Testing and certification are key requirements for these installations, and not just for the obvious need to make sure that everything works. Certification reports are generally required for payment, to comply with manufacturers warranties, and to facilitate troubleshooting.

Yet because of the volume of work and the scarcity of resources, roaming install/test teams and separate service tiers are common. Almost 90% of these links are typically fixed individually and immediately, meaning that if a tool or expertise is not available, work stalls until it gets there. And the test equipment travels with these teams: 55% of installers in a recent survey moved their tools several times a month, not just from one site to another, but back again.

Adding to the complexity, installations are not problem free: In recent Fluke Networks customer surveys, 91% of U.S., 90% of Asian and 97% of European installers report at least one problem. More than half of the respondents from the U.S. and Europe report seven or more problems. In Asia, that climbs to 10 or more problems (see Figure 2). While those problems are frequently issues with the cable or installation itself, they are as likely, if not more so, to be errors in process: incorrect test limits; misconfigurations or parameters; test data spread across multiple testers; mismatched results, incomplete testing or reporting, etc.
Cabling Cert Figure 2

And those problems add up, according to the research. In total, in any given month, more than 22,000 hours in the U.S., 18,000 hours in Asia and 4,000 in Europe are spent resolving cable infrastructure issues. That works out to 45 hours (U.S.), 61 hours (Asia) and 26 hours (Europe) per 1,000 cable links on average, depending on region. In simple terms, the mistakes, complexity and rework can add a week to a week and a half of labour to a typical 1,000-link project. This is a worldwide problem, with global scope but unique geographic impact.

Right now, the industry is awash in “multiples” — multiple cables, multiple standards, multiple teams, multiple tools, multiple projects, multiple test regimes, multiple skill levels and more. That puts two opposing forces — increasing complexity and thinly stretched expertise — on a collision course that affects the fundamental connectivity of technology.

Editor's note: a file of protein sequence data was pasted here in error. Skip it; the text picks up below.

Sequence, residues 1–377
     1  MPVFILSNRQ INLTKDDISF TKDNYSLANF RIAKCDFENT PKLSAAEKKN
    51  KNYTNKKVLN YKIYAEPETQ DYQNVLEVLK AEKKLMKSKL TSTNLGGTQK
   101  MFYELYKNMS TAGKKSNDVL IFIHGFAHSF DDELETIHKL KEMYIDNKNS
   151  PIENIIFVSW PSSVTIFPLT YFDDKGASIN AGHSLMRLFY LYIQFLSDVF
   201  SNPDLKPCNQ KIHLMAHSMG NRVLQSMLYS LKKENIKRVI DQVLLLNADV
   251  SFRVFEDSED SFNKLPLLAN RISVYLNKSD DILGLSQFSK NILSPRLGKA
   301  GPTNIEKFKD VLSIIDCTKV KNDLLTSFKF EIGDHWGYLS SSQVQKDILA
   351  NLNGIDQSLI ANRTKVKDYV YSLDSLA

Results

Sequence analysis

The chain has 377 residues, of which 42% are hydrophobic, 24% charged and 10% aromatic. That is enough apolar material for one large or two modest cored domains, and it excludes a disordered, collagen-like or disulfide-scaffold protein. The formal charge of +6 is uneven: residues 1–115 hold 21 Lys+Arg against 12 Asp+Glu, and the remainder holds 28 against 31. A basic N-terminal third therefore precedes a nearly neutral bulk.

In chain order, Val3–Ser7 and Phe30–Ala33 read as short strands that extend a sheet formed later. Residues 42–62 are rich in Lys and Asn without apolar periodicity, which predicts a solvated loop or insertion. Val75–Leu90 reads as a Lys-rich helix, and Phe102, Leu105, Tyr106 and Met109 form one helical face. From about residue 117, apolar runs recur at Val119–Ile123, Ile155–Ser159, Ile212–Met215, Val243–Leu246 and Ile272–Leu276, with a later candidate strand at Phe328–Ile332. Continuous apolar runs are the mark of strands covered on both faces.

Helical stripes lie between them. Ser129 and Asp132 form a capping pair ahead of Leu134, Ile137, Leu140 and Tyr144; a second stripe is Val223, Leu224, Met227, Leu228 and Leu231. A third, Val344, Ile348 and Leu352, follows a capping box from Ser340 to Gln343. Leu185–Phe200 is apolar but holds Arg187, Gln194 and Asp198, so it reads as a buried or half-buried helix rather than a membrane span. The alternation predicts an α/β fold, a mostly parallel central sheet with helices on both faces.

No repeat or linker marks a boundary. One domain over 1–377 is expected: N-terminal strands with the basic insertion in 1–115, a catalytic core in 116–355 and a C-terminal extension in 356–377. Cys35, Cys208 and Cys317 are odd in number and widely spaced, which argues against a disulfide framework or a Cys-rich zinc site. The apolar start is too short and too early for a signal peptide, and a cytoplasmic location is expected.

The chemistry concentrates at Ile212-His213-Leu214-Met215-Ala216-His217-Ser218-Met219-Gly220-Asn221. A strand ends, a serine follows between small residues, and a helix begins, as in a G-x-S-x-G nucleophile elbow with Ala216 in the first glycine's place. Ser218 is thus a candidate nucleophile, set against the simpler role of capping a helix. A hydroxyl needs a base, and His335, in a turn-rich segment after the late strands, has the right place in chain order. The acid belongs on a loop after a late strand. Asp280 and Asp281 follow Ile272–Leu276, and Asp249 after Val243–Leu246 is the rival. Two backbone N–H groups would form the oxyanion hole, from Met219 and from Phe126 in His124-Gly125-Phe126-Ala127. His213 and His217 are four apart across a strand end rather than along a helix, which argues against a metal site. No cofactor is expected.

Critical point

The implication is that if something doesn’t change, then some other factor has to give. If complexity continues to increase, and resources don’t increase commensurately, then there will be a steady increase in either time or cost per install. It will either take longer to test and certify links, slowing growth until volume, complexity and resources reach an unsteady equilibrium; or the cost will begin to rise, allowing additional expertise and resources to catch up to growth in volume and complexity.

Imagined potential

Clearly what’s needed is better efficiency and agility, and that means tools that can assume a larger role in the installation process, thereby delivering a greater impact on the business. Yet over the last decade, the nature of that efficiency and impact has evolved.

When Fluke Networks originated the modern cable certifier, the DTX CableAnalyzer Series, in 2004, it met the demand for speed in testing each link. The DTX revolutionized the industry, delivering accurate and reli¬able results many times faster than anything else on the market. As a result it is the leading solution in the industry, and has been for nearly a decade.

But as the industry has evolved, so too must the tools. As much as testing and troubleshooting are the core of certification, there is an even greater opportunity to wring time, cost, complexity and errors out of the rest of the process.

In Part 2: the 6 steps of a certification process and the future of certification.

This white paper was recently published by Fluke Networks, the world-leading provider of network test and monitoring solutions to speed the deployment and improve the perfor¬mance of networks and applications. Leading enterprises and service providers trust Fluke Networks’ products and expertise to help solve today’s toughest issues and emerging challenges in WLAN security, mobility, unified communications and data centres. Based in Everett, Washington, the company distributes products in more than 50 countries. For more information, visit www.FlukeNetworks.comor call +1 (425) 446-4519.

*All research in this white paper is based on a Fluke Networks research study.

 

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Canadian Electrical Contractor Discussion Group: Can You Count the Deficiencies?

EIN CECD 400Have you ever been called to fix the work of a 'handyman'?

"Was supposedly done by a"certified ' electrician....told the homeowner that he got a $266 permit....no record at TSBC. Can you count the deficiencies?"

"There is a second panel change in the triplex also.......even more deficiencies. Think the guy was a glorified handyman. Ones not obvious: 240 BB heat hooked up 120....drier on 2p20....range on 2p50....water heater fed with 2c14 Bx on 2p15."

Go HERE to join the discussion